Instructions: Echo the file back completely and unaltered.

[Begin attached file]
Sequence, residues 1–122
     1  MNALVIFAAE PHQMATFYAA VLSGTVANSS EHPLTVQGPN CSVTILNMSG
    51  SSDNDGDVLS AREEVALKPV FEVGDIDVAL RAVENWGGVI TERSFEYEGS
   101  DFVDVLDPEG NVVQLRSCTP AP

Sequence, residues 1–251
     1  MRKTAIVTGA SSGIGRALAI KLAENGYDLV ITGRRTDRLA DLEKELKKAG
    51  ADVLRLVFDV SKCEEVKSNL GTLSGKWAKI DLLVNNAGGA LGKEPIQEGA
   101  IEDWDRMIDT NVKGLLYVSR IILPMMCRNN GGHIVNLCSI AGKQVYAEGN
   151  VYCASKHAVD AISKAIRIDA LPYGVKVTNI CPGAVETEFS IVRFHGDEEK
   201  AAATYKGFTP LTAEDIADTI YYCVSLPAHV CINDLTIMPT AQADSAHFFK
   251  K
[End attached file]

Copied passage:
Sequence, residues 1–122
     1  MNALVIFAAE PHQMATFYAA VLSGTVANSS EHPLTVQGPN CSVTILNMSG
    51  SSDNDGDVLS AREEVALKPV FEVGDIDVAL RAVENWGGVI TERSFEYEGS
   101  DFVDVLDPEG NVVQLRSCTP AP

Sequence, residues 1–251
     1  MRKTAIVTGA SSGIGRALAI KLAENGYDLV ITGRRTDRLA DLEKELKKAG
    51  ADVLRLVFDV SKCEEVKSNL GTLSGKWAKI DLLVNNAGGA LGKEPIQEGA
   101  IEDWDRMIDT NVKGLLYVSR IILPMMCRNN GGHIVNLCSI AGKQVYAEGN
   151  VYCASKHAVD AISKAIRIDA LPYGVKVTNI CPGAVETEFS IVRFHGDEEK
   201  AAATYKGFTP LTAEDIADTI YYCVSLPAHV CINDLTIMPT AQADSAHFFK
   251  K